Pound doesn’t show the full Brexit picture

Leaving the European Union seems to present the U.K. with an unappealing choice of either a lot of economic harm via crashing out without a deal, or slightly less damage via Theresa May’s withdrawal agreement.

Image: Reuters

Lionel Laurent (Bloomberg)

Markets hate uncertainty, and Brexit has it in spades. Leaving the European Union seems to present the U.K. with an unappealing choice of either a lot of economic harm via crashing out without a deal, or slightly less damage via Theresa May’s withdrawal agreement. But there are reasons why investors might start thinking about more blue-sky scenarios: Either a Brexit so benign that the British economy beats expectations, or a second referendum that keeps the country in the EU.

Right now, markets are reflecting Prime Minister Theresa May’s pitch to her truculent party: There is her deal, or there’s no deal. Her agreement with Brussels offers an orderly two-year transition and an amicable split, as well as a base from which to agree a future trade relationship. But it will be an almighty task to get it past the House of Commons. If it’s rejected, the U.K. faces the grim scenario of a chaotic no-deal Brexit, which the Bank of England says might cause an economic crisis.
That’s why the pound trades between $1.20 and $1.30, reflecting some of the possible upside from May’s deal but still weighed down by the potentially cataclysmic no-deal scenario. Traders are naturally focused on the next fork in the road – the parliamentary vote –and until lawmakers have their say on May’s deal, it’s hard to take a clear view on investing in Britain.

But there’s an argument to make that traders are being too pessimistic. Public opinion is warming to May’s deal, according to a Survation poll this week, and that might help its chances in parliament. Lawmakers have a duty to act in the interests of the nation, not just their constituents, and the risk of plunging the country into recession may see cooler heads prevail. If it passed, there’s a very good chance that the pound’s relief rally would surpass the $1.30 level last seen when May first announced her deal. Avoiding a cliff-edge exit would probably boost investment and the economy, and would improve the chances of delivering a reasonable trade deal.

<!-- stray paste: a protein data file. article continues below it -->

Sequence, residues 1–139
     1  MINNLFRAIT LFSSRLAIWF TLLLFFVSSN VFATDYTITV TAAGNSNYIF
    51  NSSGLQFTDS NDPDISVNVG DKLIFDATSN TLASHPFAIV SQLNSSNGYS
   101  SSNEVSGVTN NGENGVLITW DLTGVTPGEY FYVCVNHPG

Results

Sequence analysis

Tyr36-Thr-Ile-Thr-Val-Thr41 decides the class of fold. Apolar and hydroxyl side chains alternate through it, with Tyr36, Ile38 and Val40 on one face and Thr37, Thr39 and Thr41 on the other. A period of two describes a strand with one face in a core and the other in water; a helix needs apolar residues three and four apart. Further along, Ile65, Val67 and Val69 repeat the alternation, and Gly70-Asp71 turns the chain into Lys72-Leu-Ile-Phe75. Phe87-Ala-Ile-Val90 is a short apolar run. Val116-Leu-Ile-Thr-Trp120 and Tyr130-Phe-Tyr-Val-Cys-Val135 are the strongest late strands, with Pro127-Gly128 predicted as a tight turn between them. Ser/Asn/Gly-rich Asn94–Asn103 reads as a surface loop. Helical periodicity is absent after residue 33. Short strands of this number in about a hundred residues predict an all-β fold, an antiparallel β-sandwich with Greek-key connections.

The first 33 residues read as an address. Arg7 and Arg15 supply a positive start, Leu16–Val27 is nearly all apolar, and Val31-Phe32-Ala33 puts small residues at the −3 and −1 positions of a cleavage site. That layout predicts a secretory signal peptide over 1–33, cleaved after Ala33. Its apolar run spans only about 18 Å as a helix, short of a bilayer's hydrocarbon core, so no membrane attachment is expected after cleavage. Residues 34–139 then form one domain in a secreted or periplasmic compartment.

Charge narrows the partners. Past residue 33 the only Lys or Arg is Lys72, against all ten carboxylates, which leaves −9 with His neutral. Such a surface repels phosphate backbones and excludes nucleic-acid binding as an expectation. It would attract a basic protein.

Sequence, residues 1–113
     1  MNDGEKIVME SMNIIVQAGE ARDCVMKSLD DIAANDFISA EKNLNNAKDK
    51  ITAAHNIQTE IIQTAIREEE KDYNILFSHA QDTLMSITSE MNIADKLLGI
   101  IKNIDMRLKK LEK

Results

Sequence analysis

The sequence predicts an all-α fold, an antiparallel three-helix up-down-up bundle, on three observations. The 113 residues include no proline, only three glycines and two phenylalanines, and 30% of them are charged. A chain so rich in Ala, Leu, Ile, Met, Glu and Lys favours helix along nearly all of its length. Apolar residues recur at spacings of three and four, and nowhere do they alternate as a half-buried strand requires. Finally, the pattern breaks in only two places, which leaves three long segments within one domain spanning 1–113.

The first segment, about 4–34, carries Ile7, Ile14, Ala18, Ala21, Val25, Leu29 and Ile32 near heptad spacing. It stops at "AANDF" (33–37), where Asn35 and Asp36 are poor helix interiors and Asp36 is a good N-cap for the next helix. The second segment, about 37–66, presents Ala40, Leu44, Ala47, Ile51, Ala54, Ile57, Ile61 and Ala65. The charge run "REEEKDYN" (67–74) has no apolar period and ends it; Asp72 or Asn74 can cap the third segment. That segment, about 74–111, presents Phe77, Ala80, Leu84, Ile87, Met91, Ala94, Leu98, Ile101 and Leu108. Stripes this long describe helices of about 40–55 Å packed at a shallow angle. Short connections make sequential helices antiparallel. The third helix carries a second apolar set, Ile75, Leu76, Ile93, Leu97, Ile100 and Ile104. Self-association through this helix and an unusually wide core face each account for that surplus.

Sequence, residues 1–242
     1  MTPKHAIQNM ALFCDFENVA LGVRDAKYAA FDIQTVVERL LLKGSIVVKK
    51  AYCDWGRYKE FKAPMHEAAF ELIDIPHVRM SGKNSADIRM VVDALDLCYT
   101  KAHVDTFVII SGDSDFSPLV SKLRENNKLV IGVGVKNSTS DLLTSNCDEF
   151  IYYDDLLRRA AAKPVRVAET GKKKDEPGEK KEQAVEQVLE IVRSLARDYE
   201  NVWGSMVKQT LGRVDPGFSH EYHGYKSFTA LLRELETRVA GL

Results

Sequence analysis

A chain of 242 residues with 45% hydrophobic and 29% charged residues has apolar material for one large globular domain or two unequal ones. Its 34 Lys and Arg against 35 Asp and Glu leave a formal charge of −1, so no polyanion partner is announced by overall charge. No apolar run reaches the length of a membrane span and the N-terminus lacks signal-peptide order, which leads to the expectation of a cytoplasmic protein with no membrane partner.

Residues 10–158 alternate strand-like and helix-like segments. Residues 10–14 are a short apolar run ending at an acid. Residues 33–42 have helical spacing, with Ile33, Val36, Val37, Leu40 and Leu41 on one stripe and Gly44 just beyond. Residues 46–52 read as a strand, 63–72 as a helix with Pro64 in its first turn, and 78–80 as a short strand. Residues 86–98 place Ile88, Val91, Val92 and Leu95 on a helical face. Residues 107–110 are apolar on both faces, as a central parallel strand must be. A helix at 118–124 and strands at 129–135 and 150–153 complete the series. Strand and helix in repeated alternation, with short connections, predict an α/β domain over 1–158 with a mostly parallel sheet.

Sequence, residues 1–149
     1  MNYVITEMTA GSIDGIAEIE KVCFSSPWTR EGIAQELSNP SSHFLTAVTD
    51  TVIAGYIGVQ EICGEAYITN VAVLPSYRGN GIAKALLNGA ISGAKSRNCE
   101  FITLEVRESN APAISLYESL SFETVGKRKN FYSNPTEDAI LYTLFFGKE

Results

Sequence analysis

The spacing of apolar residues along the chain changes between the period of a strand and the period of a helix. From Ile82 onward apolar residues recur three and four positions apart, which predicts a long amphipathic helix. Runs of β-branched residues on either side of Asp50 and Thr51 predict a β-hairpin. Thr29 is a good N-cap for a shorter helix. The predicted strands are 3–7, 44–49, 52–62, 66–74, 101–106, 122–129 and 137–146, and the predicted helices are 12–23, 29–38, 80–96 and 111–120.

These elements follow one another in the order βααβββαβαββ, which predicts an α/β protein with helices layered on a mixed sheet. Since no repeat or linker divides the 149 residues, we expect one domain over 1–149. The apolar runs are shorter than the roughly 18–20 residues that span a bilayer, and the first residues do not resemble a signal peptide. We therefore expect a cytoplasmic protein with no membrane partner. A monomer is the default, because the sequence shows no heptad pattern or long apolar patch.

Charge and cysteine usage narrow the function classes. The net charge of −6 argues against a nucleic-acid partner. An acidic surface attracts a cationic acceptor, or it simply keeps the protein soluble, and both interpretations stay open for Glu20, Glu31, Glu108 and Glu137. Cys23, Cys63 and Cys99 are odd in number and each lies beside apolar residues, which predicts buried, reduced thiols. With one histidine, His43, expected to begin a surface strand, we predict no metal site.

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That’s not to get carried away. Given the parliamentary arithmetic and the decades-old obstinacy of the Brexiter wing of May’s Conservative Party, her task still looks pretty impossible. If her deal does fail, it will be a negative sign and a trigger for more volatility. But it might also build momentum behind another soft-Brexit solution that’s winning support from her ministers: The so-called “Norway Plus” option.

This wouldn’t stop freedom of movement (a bugbear for many voters), but it would keep Britain attached to the EU single market and would preserve ties on a par with the “close economic partnership” scenario outlined by the Bank of England this week. That was the only Brexit outcome in which the central bank said GDP trend growth would be better than current expectations. An emergency immigration brake might help it squeak through parliament.

Nor should we ignore the chance of a second referendum, which the public increasingly supports. The implied probability of a new vote has jumped to about 40 percent, according to Bloomberg data based on bookmakers’ odds. It’s a long shot, but if May is replaced as prime minister, and if her successor fails to deliver any real improvement on the departure terms, a referendum might be offered as a way to avoid an election or a no-deal Brexit.

There are obvious risks to consider here, as fund managers have noted. Anything that brings Labour’s hard-left leader Jeremy Corbyn closer to power, such as a collapse of Theresa May’s wafer-thin majority, would hit sterling. Another referendum could be won by the leavers again. Even if the remain side prevailed, it might well entrench the national divisions that were laid bare in the first vote. The bitterness of disappointed leave voters would be hard to dislodge.

Still, from an investor perspective, the upside scenarios – the passing of May’s deal or something like it, an alternative such as Norway-Plus, or a second referendum – outnumber the negatives: a no deal Brexit or a Corbyn government. It’s a brave bet but there are ways for sterling to get back to between $1.40 and pre-2016 levels of $1.50, and for domestic equities to get a bump after a couple of years of being shunned. There’s room for some blue-sky thinking on Brexit.

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